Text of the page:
In any case, people are much better served following the recommendations that have come out of decades of work by Nobel-winning economists: namely, investing in index funds, avoiding actively managed funds and individual stocks, and keeping your money out of collectibles (among other things).

    • 1WineDude


      A further note on equities: it is of course true that past performance doesn’t equal future performance, for any investment. However, this is precisely why a good index portfolio will be well balanced across many asset classes, sizes, markets, etc. In that kind of portfolio – which is ludicrously cheap to enter now (and literally requires no effort on the part of the investor to maintain or balance in the case of target-date/self-balancing index funds) – your bet is not on the vagaries of single commodity types or one business; it’s betting instead that the global economy will continue to grow over time. Incidentally, that’s the exact same bet that *anyone* who works as an employee for almost *any* company effectively makes by taking a job. It’s the closest thing to a “safe” bet that we will ever see in the investment world. Wine looks ridiculously imbalanced as an investment vehicle by comparison.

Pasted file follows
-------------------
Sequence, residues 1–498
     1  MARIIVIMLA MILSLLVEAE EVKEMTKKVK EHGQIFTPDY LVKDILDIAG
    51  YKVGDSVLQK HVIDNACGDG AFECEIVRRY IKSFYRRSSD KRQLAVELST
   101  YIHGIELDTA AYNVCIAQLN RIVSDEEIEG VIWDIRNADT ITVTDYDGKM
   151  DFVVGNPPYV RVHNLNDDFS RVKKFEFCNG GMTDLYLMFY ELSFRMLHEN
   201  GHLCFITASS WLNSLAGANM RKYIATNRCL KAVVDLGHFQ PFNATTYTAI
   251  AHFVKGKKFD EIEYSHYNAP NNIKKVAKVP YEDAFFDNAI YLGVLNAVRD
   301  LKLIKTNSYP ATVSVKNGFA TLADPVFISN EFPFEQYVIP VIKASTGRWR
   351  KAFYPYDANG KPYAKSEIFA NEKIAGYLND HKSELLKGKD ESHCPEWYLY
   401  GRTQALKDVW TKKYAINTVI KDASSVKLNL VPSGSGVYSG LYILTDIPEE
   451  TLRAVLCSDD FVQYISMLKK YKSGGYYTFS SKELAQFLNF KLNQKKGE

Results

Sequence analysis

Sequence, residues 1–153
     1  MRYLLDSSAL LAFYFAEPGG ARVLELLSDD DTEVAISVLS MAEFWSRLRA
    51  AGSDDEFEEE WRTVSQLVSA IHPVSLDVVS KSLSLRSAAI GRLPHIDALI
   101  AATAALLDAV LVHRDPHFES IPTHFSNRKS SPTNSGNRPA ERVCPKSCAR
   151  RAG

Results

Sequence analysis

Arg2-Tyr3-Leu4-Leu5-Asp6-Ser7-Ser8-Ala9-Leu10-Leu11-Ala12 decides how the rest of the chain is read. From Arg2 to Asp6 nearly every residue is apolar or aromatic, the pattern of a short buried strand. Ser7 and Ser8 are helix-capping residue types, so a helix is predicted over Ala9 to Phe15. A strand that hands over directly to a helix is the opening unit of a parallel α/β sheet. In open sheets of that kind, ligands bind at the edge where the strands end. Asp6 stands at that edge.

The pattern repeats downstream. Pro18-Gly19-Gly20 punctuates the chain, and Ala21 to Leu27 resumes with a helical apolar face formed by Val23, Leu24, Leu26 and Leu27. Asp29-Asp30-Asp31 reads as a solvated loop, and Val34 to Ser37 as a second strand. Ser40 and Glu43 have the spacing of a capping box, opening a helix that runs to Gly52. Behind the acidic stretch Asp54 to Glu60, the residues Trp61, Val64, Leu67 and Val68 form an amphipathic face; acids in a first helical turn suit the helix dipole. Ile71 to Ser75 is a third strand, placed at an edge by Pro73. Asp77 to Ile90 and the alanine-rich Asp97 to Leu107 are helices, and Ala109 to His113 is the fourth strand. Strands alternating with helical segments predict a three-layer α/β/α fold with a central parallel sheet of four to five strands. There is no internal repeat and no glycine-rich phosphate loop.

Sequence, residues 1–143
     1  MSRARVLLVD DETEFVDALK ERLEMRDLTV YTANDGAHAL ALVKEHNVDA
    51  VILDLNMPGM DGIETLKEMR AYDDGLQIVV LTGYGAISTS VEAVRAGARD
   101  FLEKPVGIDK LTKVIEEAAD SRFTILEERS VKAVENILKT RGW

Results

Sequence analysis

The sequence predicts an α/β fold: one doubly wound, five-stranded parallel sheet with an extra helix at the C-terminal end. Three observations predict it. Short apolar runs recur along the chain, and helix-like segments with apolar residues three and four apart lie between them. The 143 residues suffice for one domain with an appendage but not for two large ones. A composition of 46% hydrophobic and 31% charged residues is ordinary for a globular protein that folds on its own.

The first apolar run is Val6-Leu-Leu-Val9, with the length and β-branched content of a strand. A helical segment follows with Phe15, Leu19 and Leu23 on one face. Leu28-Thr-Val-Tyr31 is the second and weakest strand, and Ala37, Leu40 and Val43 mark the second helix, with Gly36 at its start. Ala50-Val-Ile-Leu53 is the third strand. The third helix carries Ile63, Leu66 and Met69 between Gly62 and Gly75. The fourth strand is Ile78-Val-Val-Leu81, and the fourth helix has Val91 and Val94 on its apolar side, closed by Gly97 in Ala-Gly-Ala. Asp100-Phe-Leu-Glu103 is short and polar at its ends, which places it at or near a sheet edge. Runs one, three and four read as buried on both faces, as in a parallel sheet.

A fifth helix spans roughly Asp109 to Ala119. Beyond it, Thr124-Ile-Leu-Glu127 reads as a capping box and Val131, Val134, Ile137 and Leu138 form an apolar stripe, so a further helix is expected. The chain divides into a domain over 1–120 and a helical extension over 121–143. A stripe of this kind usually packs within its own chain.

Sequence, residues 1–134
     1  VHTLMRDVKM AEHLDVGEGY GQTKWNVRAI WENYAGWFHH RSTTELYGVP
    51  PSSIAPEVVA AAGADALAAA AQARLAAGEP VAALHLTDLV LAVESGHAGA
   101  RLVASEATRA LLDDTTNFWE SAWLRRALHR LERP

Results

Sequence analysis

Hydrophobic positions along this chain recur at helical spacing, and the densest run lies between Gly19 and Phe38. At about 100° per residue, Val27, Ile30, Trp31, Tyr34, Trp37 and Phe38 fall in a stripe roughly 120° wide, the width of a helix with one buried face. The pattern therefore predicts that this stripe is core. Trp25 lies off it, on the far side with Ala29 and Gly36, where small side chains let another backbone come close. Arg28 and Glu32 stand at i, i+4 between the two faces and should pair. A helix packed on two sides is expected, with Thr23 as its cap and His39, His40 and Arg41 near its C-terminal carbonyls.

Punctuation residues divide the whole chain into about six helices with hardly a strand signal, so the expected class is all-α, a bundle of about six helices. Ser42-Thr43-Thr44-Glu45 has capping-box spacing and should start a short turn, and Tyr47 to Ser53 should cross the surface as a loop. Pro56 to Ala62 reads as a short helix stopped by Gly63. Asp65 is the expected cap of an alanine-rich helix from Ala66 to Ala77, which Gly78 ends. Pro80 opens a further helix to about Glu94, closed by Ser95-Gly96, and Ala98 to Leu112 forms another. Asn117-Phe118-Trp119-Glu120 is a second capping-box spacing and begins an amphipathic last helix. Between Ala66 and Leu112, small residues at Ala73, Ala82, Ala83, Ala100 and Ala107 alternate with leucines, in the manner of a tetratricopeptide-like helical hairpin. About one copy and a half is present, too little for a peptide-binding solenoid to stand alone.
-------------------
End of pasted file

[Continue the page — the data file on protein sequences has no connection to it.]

• mmm3bbb


        “Wine looks ridiculously imbalanced as an investment vehicle by comparison.”

        So does any collectible. Nobody is saying dump all your public equities and bonds and buy wine and paintings. But because something is simply different from what Fidelity sells, doesn’t make it a bad investment. Indeed, the rich get richer often because of their investment in alternative assets that most retail investors can’t access (venture capital, real estate, etc.).

        If someone told me they have 50% of their assets in wine, I’d question their sanity. But 2%… *if* the numbers work out, then why not?

        Not sure what you were saying about taking a job. Are you arguing that taking a job for a company is the equivalent of an index fund or DRC. I’d argue the latter… nothing more imbalanced than tying yourself to one profession in one company in one industry. When AI takes that job, then what do you do?

        • 1WineDude


          “Nobody is saying dump all your public equities and bonds and buy wine and paintings.”